W-2 reporting


Employers required to file 250 or more W-2 forms will be responsible for reporting to employees the total cost of their group health benefit plan coverage on their W-2 forms under the Patient Protection and Affordable Care Act (the Act). Employers filing fewer than 250 W-2 forms will not be required to report the cost of health coverage. This transition relief will continue until further guidance is issued. Any supplemental guidance will not apply to any calendar year beginning within six months of the date the guidance is issued.

This requirement is informational only and does not mean that employer-provided coverage will be subject to income tax.

This requirement was effective with the 2012 W-2 forms distributed to employees in January 2013.

Reporting requirements

The cost of coverage generally includes both the portion of the cost paid by the employer and the portion of the cost paid by the employee, regardless of whether the employee paid for that cost through pre-tax or after-tax contributions.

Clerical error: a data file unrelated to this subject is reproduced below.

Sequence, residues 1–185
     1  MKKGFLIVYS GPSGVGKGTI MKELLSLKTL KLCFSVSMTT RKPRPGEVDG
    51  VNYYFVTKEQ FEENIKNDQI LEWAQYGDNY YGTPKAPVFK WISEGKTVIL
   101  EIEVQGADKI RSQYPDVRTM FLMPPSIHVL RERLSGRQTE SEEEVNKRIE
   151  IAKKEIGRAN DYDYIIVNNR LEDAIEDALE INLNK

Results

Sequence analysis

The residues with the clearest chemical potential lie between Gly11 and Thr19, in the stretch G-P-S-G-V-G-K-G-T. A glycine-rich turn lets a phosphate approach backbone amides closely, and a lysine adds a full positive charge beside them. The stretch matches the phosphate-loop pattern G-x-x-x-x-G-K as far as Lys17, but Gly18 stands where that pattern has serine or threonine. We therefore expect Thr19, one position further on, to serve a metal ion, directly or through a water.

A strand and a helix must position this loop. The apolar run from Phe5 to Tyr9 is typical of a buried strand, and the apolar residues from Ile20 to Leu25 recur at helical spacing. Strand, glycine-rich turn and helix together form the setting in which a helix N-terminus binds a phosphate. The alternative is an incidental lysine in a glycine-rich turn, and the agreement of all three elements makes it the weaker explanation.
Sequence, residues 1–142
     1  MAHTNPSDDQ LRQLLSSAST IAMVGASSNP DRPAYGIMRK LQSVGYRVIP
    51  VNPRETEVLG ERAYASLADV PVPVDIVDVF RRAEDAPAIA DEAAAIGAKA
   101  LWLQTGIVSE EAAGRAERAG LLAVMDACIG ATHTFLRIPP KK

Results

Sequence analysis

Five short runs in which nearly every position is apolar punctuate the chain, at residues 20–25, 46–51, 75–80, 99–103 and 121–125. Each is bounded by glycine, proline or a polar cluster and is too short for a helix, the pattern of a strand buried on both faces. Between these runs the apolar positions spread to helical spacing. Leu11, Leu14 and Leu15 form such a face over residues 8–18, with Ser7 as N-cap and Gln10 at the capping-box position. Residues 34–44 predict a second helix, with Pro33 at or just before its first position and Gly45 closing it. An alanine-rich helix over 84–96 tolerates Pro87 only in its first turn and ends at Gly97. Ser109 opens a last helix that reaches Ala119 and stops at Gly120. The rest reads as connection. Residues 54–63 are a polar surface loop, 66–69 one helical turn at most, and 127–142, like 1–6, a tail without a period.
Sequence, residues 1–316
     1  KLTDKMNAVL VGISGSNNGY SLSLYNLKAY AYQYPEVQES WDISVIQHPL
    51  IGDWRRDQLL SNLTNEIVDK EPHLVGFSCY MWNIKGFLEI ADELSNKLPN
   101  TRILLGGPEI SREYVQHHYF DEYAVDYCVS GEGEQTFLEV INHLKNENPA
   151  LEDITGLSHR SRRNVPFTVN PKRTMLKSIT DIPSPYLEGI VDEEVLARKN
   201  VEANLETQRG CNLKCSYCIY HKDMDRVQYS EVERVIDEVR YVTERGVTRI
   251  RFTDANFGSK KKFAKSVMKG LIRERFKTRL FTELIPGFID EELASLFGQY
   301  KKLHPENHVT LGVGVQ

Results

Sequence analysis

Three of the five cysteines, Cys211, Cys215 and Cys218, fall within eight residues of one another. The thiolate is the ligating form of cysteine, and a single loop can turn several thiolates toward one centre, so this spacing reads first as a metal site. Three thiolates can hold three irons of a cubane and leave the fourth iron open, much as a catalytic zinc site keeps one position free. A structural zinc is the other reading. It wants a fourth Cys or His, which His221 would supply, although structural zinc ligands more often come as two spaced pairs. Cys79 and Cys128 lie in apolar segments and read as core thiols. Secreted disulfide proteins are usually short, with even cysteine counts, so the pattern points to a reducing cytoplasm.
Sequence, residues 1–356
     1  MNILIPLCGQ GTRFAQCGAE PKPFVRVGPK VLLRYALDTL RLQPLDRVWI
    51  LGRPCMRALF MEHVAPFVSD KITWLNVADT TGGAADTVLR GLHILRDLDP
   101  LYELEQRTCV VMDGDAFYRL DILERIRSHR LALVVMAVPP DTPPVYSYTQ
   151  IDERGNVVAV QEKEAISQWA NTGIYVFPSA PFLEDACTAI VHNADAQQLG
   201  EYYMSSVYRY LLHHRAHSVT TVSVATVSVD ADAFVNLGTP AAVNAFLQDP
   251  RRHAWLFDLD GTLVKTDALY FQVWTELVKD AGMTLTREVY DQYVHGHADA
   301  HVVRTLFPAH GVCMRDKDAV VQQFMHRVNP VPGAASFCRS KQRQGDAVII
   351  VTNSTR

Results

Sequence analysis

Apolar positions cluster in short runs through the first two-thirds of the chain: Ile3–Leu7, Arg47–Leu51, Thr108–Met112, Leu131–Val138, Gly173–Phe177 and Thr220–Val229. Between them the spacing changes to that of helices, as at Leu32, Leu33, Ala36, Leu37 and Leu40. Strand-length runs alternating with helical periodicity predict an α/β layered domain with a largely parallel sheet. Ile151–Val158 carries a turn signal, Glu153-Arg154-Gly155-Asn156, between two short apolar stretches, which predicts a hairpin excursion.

Only covered employees that elect the coverage and pay the premiums or contribution amounts receive cost of coverage information on their W-2 forms. Beneficiaries and dependents will not receive the cost of coverage.

Coverage that does not need to be reported

HIPAA “excepted benefits” plans are not subject to the W-2 reporting requirements (accident, disability income, supplemental liability, workers' compensation insurance). Stand-alone dental and vision plans are also not subject to the requirements. Coverage under an HRA, amounts contributed to an HSA or an Archer MSA, as well as salary reduction contributions to a health FSA are not reportable. In addition, employee assistance programs (EAP), wellness programs, or on-site medical clinics, if the employer does not charge a premium for this type of coverage, are not reportable on the W-2.

UnitedHealthcare approach

Ultimately, it is the employer's responsibility to accurately determine which employees should receive cost of coverage information. Employers are encouraged to consult with their legal counsel or tax preparer for advice on who should be included and what should be reported to meet the W-2 reporting requirement.

For more information